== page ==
Africa offers full opportunities - Jack Ma as he pledges $10million to help African Netpreneurs. - Techcrest

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Jack Ma who recently visited Africa came with a plan. The Alibaba founder was in Johannesburg South Africa earlier this week, where he launched Netpreneur prize, a $10 million  competition prize for African tech innovators. This price was administered through Ma’s foundation, the $10million Netpreneur prize is meant to “further [Africa’s] digital economy through local entrepreneurship.”
Jack Ma regrets that it took him this long to visit Africa(he visited Africa for the first time in 2017), but choose to make it up by supporting young African entrepreneurs.
“This is where I see Africa, full of problems, but full of opportunities,” Ma said in an auditorium at the University of the Witwatersran.
China’s investment in Africa has long invited debate on the motivations of either side’s embrace of the other. Books, documentaries and thousands of think-pieces have been produced, scrutinizing the factors in this relationship , from raw materials to few regulations, and just who gets to benefit. There are no easy answers, but Ma’s speech captured what is perhaps the simplest factor encouraging this relationship: that Africa could be what China is today.
Alibaba's ascent implies China's, and the capability of African business visionaries. As an educator, Ma established Alibaba in a confined apartment in Hangzhou. They couldn't discover builders  and they could barely  raise a capital, Ma told the group. Researchers composing the Alibaba contextual analysis rejected the organization when contrasting it with any semblance of eBay.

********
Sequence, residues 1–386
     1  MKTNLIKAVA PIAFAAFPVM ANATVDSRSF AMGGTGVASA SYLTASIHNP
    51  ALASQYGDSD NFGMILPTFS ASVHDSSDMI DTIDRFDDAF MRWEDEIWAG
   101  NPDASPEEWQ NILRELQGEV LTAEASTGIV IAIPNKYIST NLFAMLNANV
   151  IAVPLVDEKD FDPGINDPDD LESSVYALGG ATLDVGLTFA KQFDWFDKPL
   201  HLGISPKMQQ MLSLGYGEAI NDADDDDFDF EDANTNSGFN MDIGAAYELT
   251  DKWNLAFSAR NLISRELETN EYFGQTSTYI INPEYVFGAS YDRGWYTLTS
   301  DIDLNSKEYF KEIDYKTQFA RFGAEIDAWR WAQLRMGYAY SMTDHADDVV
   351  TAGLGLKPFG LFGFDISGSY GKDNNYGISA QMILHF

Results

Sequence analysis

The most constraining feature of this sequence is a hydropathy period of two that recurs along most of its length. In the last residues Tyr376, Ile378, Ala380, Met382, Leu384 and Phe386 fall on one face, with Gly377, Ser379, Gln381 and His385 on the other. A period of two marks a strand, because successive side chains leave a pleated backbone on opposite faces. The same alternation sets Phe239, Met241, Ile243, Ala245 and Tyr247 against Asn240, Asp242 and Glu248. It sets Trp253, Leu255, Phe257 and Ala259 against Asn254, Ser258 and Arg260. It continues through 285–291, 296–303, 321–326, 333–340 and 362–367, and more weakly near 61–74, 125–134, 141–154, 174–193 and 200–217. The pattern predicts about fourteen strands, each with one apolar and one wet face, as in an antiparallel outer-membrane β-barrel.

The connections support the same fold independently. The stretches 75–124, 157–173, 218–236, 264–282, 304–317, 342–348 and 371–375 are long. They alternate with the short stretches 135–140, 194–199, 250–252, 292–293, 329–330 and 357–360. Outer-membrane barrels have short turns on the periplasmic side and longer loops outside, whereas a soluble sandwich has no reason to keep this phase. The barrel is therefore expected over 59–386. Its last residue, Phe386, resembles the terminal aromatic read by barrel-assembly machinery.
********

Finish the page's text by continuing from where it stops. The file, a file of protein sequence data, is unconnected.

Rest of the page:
Of course, Alibaba’s growth wasn’t as simple as Ma’s motivation suggests, but it tells the story of a digital company built in an adverse environment, not unlike Africa’s nascent digital economy today. With the right vision and hard work, said Ma, you could have ten Alibabas in Africa: “Doesn’t have to be $500 billion, $50 billion is fine.”
“This continent is very simple, if you’ve been to Europe you know how complicated it is, they want too much,” Ma said, referring to the developed world’s laws and regulations. “Here you have nothing to change.”
Africa's  most vital asset is its youngsters, which is the reason Jack Ma was anxious to share that he'd called South Africa's leader Cyril Ramaphosa to urge him to help youthful startup visionaries. In any case, sitting tight for the government to make the ideal business condition will end up in futility. “We startups,” Ma said without irony, just need an open environment and trust to create jobs. Degrees from schools like Harvard and MIT weren’t necessary either: “Those are the white collar guys, they’ll never be entrepreneurs,” Ma said to rousing applause.
Furthermore, in a couple of years, when African startups have accomplished this potential Ma so much has faith in, Alibaba will be there. All they'd require is a little 0.1% he stated, ending his speech with an overwhelming applause.


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